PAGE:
In my grave which I have digged for me, according to the manner of those ancient and succeeding times. See 2 Chronicles 16:14; Isaiah 22:16; Matthew 27:60. In that large cave which Abraham bought for a burying-place for his family, Jacob had digged a particular and small cell or repository for himself, as others did after him upon the like occasion. And this reason is prudently added, to show that this desire proceeded not from any contempt of Pharaoh or his land, but from that common and customary desire of persons of all ages and nations to be buried in their fathers’ sepulchres.
The heathens by the light of nature discovered the sacredness of an oath, and the wickedness of perjury.
All the servants, i.e. a great number of them, as that word is understood, Matthew 3:5, and oft elsewhere. For many of them were aged and infirm, and many could not be spared from their attendance at court, or upon their employments, &c.
The servants of Pharaoh were courtiers of an inferior rank;
the elders of his house, the chief officers, and under him governors of his family and councils, who used to reside at or near the court;
and the elders of the land, the great officers civil and military, whose places of habitation and command were dispersed in the several parts of the land.
And such as were necessary to take care of them, which must needs be understood.
Chariots and horsemen, for their defence, in case of any opposition.
Atad, a man so called; or, of thorn, or thorns, as the word signifies, Judges 9:14; Psalms 58:9. So it might be a place either abounding or encompassed with thorns.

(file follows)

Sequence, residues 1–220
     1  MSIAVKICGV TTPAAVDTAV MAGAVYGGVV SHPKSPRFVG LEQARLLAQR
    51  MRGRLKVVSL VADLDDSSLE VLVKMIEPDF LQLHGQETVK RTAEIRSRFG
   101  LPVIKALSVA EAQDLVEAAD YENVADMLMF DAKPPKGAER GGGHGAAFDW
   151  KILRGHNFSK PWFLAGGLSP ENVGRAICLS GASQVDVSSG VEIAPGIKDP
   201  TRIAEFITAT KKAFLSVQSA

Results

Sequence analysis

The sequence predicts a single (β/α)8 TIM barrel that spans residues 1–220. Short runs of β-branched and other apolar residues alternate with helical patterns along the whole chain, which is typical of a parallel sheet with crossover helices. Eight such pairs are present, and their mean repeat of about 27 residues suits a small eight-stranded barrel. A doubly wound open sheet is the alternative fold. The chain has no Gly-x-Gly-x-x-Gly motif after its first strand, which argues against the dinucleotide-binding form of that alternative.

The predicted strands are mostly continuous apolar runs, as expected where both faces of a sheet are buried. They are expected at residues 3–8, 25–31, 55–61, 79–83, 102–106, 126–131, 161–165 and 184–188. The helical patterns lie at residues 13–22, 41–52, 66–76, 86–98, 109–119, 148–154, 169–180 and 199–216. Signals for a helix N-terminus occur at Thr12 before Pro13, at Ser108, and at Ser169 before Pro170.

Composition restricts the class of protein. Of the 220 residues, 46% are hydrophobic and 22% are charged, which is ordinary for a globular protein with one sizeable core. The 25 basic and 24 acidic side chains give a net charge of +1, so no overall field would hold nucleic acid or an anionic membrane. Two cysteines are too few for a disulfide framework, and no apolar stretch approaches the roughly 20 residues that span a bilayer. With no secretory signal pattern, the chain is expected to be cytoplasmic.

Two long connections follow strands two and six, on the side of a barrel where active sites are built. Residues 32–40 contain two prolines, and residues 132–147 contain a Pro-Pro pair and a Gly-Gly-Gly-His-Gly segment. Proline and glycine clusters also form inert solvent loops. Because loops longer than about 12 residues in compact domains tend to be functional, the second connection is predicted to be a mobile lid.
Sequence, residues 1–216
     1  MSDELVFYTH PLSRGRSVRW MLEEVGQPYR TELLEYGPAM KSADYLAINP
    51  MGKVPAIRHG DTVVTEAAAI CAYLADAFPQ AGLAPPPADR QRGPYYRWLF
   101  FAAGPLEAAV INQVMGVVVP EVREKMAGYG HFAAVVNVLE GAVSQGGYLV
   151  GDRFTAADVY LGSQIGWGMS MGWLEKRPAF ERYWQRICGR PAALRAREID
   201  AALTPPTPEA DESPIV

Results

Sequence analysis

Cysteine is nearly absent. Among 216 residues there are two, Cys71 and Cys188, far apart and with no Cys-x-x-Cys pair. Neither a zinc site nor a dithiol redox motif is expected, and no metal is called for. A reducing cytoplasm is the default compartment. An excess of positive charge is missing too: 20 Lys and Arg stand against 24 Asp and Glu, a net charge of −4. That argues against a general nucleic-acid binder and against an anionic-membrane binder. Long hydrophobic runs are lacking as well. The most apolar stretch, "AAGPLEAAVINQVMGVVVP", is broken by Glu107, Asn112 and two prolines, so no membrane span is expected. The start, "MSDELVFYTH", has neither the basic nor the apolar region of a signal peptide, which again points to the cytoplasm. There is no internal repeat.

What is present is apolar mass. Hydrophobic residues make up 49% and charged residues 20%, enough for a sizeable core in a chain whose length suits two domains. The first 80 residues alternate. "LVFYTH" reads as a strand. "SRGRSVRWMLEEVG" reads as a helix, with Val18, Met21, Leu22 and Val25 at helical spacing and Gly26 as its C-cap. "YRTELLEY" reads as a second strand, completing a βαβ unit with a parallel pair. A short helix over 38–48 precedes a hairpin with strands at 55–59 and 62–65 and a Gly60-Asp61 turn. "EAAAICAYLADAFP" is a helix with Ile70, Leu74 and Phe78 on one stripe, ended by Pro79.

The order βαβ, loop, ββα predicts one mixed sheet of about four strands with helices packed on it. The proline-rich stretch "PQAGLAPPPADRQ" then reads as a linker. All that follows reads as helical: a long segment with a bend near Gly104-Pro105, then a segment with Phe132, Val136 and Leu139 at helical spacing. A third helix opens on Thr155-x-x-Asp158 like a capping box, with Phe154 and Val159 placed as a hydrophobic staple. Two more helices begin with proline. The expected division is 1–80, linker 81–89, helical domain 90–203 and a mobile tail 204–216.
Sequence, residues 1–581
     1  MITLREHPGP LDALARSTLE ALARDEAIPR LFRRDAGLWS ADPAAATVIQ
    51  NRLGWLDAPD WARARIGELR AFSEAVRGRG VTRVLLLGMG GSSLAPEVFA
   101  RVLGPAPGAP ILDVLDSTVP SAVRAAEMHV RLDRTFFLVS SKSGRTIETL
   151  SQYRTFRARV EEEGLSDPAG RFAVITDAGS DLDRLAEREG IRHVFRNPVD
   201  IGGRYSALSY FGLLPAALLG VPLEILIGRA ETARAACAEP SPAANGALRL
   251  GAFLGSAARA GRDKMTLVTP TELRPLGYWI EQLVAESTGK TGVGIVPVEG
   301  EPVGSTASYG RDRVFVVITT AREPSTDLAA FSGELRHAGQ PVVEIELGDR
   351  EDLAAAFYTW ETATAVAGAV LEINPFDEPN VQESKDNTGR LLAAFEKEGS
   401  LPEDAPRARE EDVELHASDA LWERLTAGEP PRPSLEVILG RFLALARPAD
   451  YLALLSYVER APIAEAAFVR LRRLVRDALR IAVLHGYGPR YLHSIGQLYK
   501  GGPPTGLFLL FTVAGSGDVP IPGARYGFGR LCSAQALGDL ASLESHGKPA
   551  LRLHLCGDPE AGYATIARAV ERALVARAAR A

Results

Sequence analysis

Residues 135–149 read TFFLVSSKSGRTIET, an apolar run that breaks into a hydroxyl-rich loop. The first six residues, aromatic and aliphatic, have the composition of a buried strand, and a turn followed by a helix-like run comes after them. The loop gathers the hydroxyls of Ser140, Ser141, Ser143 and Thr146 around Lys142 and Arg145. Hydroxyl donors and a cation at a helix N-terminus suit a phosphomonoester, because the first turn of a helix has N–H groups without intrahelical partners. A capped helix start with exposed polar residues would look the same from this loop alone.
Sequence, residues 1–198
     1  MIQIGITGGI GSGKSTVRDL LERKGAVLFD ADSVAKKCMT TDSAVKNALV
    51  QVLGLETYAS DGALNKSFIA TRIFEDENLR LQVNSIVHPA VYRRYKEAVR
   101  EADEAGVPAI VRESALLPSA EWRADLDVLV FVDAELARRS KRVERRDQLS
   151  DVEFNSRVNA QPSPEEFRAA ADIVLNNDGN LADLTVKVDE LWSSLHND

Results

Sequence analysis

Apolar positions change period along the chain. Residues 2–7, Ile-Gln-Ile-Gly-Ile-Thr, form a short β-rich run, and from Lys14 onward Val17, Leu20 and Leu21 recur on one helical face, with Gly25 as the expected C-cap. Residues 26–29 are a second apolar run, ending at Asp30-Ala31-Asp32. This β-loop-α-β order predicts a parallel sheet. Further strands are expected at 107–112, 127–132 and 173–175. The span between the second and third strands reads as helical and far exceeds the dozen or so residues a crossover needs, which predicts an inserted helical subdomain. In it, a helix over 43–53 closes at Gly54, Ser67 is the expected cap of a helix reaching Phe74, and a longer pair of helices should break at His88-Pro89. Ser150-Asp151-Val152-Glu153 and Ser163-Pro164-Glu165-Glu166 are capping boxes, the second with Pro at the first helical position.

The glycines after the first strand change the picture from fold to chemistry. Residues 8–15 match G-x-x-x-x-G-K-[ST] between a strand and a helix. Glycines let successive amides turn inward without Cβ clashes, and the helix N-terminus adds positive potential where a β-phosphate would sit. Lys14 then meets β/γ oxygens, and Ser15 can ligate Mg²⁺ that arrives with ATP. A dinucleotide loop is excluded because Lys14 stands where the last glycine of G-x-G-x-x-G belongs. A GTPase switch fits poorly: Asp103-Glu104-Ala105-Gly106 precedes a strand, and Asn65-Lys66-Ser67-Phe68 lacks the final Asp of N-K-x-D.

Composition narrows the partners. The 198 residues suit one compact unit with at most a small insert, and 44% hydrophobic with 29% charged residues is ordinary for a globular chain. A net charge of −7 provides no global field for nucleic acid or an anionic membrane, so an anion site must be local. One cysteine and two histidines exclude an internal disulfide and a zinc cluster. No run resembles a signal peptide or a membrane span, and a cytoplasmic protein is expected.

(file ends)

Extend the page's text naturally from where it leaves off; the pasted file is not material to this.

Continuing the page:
Beyond, or on this side; for the word signifies both, and it may be taken either way here; the one in respect of Egypt, the other in regard of the place in which Moses wrote. It is certain they fetched a great compass, whether for the commodiousness of the way for their chariots, and for conveniences for so great a company, or to prevent all jealousies in the people, as if they came thither with ill design, is not material.
There they mourned, because there was the entrance into that country or territory where he was to be buried. Though the Egyptians were not much grieved nor concerned for Jacob’s death, yet they used bitter cries and lamentations, which possibly were made or aggravated by persons hired and used upon such occasions. See Jeremiah 9:17.
Seven days, according to the custom. See 1 Samuel 31:13.
This looks like a lie; for Jacob either did not know this fact, or rather, was so well assured of Joseph’s clemency and goodness, that he never feared his revenge. But guilt doth so awaken fear, that it makes a man never to think himself secure.
The God of thy father, for whose sake pardon those that join with thee in his worship.
Joseph wept; partly in compassion to their fear and trouble; and partly because they still retained a diffidence in his kindness, after all his great and real demonstrations of it.
Ready and willing to undergo that servitude into which we so wickedly sold thee.
It is God’s prerogative to take vengeance, which I dare not usurp. See Deuteronomy 32:35. Or, can I do what I please with you without God’s leave? Therefore fear him rather than me, and upon your experience of his wonderful care and kindness to you, believe that God will not, and therefore that I neither can nor will do you any hurt. But it is not unusual to put the Hebrew he for halo, as it is Genesis 27:36; 1 Samuel 2:28; 2 Samuel 23:19; 1 Kings 16:31, &c.; and so the words may be very well rendered, Am not I under God, i.e. subject to his will, a minister of his providence? Dare I destroy those whom God so eminently designed to save? Dare I punish those whom God hath pardoned.